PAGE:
July 6 (Bloomberg) — Moody’s Investors Service cut Portugal’s credit rating to below investment grade on concern the southern European country will need to follow Greece in seeking a second international bailout.
The long-term government bond ratings were lowered to Ba2, or junk, from Baa1, and the outlook is negative. Discussions to involve private investors in a new rescue plan for Greece make it more likely that the European Union will require the same pre-conditions in the case of Portugal, Moody’s said in a statement.
“That’s very significant because not only does it affect current investors, but it is likely to discourage new private- sector lending going forward, and therefore reduce the likelihood that a country like Portugal will be able to regain access to the capital markets at a sustainable cost,” Anthony Thomas, a senior analyst at Moody’s in London, said in a telephone interview yesterday.
Portugal is the second euro country rated non-investment grade by Moody’s, joining Greece, after winning a 78 billion- euro ($113 billion) international bailout in May.
European finance ministers last week authorized an 8.7 billion-euro loan payout to Greece by mid-July, basing a second three-year bailout package on talks to corral banks into maintaining their Greek debt holdings.
The euro fell 0.8 percent to $1.4429 at 5 p.m. yesterday in New York, from $1.4539 the day before, when it touched $1.4578, the highest level since June 9.
Portugal’s government debt agency is scheduled to hold a debt auction today to sell as much as 1 billion euros of bills maturing in October.
Europe is now inching toward a goal of getting banks to roll over 30 billion euros of Greek bonds, instead of opening a hole for the official lenders to fill. French banks, with the biggest holdings in Greece, worked out a rollover formula that is serving as an example elsewhere, with two options for bondholders to replace their maturing securities.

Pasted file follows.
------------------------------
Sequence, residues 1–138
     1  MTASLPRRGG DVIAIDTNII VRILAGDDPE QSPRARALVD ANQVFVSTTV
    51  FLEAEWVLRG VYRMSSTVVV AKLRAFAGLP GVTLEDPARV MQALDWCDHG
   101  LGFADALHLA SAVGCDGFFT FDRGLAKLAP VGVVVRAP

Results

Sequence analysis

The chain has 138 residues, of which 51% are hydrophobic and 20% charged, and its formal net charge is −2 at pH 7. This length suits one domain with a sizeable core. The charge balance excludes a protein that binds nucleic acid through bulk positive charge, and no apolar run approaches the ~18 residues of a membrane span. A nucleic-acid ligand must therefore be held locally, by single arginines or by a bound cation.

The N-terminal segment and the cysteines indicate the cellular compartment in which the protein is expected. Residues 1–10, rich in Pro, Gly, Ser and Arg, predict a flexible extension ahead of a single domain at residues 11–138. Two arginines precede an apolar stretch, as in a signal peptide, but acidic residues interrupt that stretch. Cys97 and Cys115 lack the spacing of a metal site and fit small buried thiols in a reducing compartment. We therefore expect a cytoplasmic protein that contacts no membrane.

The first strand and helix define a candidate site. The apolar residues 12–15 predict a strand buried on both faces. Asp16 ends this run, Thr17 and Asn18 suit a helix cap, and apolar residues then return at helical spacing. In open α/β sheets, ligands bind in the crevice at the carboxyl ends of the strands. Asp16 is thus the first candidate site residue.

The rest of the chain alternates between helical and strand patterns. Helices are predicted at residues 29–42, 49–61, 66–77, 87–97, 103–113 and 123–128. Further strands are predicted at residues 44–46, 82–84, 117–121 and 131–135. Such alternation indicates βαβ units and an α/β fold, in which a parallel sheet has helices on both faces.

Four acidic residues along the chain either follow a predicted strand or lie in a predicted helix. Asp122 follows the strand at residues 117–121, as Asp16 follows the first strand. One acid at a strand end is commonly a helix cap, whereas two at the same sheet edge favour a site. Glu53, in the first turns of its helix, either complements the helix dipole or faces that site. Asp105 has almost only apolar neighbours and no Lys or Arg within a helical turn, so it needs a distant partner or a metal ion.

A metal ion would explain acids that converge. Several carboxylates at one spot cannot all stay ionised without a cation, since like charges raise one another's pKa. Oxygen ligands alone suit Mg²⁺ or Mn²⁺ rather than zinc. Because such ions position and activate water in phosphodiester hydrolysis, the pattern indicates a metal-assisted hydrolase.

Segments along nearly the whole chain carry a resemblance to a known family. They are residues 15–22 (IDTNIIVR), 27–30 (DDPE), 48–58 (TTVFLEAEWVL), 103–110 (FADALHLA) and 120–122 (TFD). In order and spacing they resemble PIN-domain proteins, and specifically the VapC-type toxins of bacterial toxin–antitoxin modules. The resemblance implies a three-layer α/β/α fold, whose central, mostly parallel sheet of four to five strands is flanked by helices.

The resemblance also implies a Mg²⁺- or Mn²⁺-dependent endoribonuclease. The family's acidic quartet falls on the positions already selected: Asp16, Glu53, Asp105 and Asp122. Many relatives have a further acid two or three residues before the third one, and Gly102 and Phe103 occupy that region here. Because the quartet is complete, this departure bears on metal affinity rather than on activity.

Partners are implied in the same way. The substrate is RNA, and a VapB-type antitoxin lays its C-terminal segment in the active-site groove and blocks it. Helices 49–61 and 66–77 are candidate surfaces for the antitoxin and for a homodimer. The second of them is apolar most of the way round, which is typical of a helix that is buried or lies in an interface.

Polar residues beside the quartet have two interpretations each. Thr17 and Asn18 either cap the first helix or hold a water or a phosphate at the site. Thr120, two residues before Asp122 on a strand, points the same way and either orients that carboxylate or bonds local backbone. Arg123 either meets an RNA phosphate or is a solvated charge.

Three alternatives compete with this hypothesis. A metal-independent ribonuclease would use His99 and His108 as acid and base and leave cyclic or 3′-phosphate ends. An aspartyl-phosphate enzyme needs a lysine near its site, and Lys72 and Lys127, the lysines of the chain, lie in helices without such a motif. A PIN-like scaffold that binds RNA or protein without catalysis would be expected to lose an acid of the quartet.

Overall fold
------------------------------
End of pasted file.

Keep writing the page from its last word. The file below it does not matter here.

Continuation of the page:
At the same time, Standard & Poor’s said this week the plan may temporarily place Greece in “selective default” if implemented.
Portugal this year joined Ireland and Greece in turning to the EU and the International Monetary Fund for emergency funding after their budget deficits ballooned. Moody’s yesterday said it also based its credit rating cut on risks that Portugal won’t be able to fully achieve its deficit-reduction target.
“It’s a reminder that the sovereign debt crisis does not end with Greece and that risks remain with other nations in addition to Greece,” said Gary Pollack, who helps oversee $12 billion as head of fixed-income trading at Deutsche Bank AG’s Private Wealth Management unit in New York.
Moody’s said the first driver of its decision was “the increasing probability that Portugal will not be able to borrow at sustainable rates in the capital markets in the second half of 2013 and for some time thereafter.”
Portugal said the decision by Moody’s ignores the effects of an extraordinary income-tax charge that was announced last week. There is a “broad political consensus” backing the execution of the measures that were agreed upon with the EU, European Central Bank and International Monetary Fund as part of the aid program, the Portuguese Finance Ministry said yesterday in an e-mailed statement.